Goldman Sachs believes that an “Apple Car” makes sense as a services-supporting hardware platform, but notes that the high costs of releasing a car could mean a limited impact for investors.
In a note to investors seen by AppleInsider, analyst Rod Hall writes that Apple is “well positioned” to design and sell a vehicle because of its strong hardware and software development and integration. His analysis comes on the heels of a Reuters report that Apple is planning to produce an electric vehicle by 2024.
The company’s experience with both battery technology and power management gives it an advantage, Hall writes. Of course, though Apple may be well-positioned to optimize electric vehicular efficiency and architecture, the analyst notes that battery technology breakthroughs have been historically elusive.
Similarly, Apple’s experience in LiDAR sensors — seen on its iPhone 12 Pro and iPad Pro models — could be a boon to electric car development. However, Hall points out that other automakers are already active testing LiDAR, and by 2024, will likely be using such systems in their vehicles.
Apple does have the unique potential to deliver a “seamless user experience” in a vehicle, thanks to its ability to develop custom silicon that can be deeply integrated with its software.
On the other hand, the auto industry has generally lower gross margins than Apple’s own current businesses. Tesla’s gross margins are about 20%, compared to Apple’s 40%. Operating margins are even lower, typically in the high single digits.
Because of the “poor economics relative to Apple’s existing business and other possible options for providing Apple’s services in automobiles,” Hall notes that the Cupertino tech giant may explore alternate means to provide a seamless user experience without producing an actual electric vehicle.
Even in optimistic scenarios, the release of a production “Apple Car” is likely to have only a minor impact on Apple’s bottom line.
Hall uses one potential scenario as an example. He assumes a 5% unit share in the EV market in 2025; an average selling price (ASP) of $75,000; and an earnings before interest and taxes (EBIT) margin of 7%. Based on that scenario, Hall’s calculations would see EBIT and earnings-per-share accretion of just 3%.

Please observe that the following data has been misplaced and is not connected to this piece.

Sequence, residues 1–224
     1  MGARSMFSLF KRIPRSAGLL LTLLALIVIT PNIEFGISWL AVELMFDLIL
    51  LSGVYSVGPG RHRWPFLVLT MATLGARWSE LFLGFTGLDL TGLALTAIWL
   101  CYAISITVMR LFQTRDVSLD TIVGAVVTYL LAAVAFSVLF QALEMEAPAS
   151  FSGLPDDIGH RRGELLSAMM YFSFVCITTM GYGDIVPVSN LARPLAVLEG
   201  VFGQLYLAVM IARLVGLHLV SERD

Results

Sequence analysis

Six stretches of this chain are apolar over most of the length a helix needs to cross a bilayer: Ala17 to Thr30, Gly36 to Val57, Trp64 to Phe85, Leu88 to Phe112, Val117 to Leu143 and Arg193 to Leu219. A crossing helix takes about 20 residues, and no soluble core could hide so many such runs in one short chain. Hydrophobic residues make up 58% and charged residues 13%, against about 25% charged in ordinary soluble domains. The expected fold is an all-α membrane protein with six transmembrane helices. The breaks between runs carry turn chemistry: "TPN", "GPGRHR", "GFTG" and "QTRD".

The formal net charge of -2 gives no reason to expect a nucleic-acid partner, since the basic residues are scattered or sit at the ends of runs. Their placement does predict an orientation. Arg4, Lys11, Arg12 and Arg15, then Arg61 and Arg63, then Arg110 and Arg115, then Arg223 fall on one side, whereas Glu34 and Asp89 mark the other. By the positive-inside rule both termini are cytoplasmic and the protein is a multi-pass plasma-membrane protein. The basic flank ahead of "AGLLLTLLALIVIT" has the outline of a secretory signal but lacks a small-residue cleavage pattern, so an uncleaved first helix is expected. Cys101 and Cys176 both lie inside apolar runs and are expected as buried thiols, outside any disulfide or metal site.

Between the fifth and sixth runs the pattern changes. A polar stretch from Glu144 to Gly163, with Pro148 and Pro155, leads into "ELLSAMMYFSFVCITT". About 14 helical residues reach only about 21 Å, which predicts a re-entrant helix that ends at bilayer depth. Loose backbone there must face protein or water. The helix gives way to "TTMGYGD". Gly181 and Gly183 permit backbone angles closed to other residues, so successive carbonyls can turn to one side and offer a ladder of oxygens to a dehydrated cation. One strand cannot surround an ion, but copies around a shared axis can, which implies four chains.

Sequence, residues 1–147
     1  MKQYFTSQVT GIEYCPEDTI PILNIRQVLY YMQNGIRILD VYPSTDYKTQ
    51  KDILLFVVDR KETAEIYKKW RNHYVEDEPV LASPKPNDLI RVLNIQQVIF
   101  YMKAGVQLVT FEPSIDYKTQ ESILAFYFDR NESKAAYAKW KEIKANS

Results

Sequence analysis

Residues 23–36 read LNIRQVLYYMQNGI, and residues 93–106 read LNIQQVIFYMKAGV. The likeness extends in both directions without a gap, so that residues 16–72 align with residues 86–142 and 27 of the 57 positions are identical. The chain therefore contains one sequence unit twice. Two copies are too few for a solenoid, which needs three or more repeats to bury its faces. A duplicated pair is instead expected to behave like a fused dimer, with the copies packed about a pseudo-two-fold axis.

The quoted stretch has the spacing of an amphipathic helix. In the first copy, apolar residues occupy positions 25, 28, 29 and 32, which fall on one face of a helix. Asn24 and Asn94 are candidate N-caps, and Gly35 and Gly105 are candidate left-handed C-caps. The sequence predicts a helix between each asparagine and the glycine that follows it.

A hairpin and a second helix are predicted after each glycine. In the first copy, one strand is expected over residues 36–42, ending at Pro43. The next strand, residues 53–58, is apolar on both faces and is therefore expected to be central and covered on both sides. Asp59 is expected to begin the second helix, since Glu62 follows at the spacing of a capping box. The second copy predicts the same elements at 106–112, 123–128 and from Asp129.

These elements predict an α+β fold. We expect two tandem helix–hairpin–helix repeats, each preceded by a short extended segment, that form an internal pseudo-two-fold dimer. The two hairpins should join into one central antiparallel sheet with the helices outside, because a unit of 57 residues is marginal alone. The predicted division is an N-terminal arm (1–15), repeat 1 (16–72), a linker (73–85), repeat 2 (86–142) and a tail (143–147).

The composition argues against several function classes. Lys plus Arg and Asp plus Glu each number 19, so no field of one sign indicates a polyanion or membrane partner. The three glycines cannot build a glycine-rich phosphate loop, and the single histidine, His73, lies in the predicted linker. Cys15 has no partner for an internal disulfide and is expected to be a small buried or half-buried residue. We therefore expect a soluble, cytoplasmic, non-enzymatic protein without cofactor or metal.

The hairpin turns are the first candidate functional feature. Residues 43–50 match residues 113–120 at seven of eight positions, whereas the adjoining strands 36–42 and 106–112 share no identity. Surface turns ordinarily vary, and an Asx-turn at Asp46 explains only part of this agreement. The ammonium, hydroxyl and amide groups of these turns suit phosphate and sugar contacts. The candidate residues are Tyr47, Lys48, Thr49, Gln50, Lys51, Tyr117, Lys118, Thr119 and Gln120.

“Given the potentially low profit opportunity for Apple, a key question in our opinion is why Apple is attracted to autos,” Hall writes.
The main reason, Hall then contends, is the amount of time consumers are likely to spend in self-driving vehicles using information services. Given Apple’s continuing push to bolster its services business and add services to hardware, adding cars as an additional hardware platform “might make sense.”
Despite that, the analyst says Apple may decide to take those aforementioned alternate options because of the low margins. He uses the TV hardware space as an example. In that market, Apple provides a user experience with its set-top box instead of a full-fledged television unit.
Another option could be the evolution of the “car as a service” model, which Apple could then take advantage of in a similar way.
“We understand that a car is a different type of platform, but we wonder if these platforms might evolve to allow Apple to participate in a different way which provides a lot of the platform position benefits without the potential negative financial implications of competing in the lower margin auto hardware arena,” Hall writes.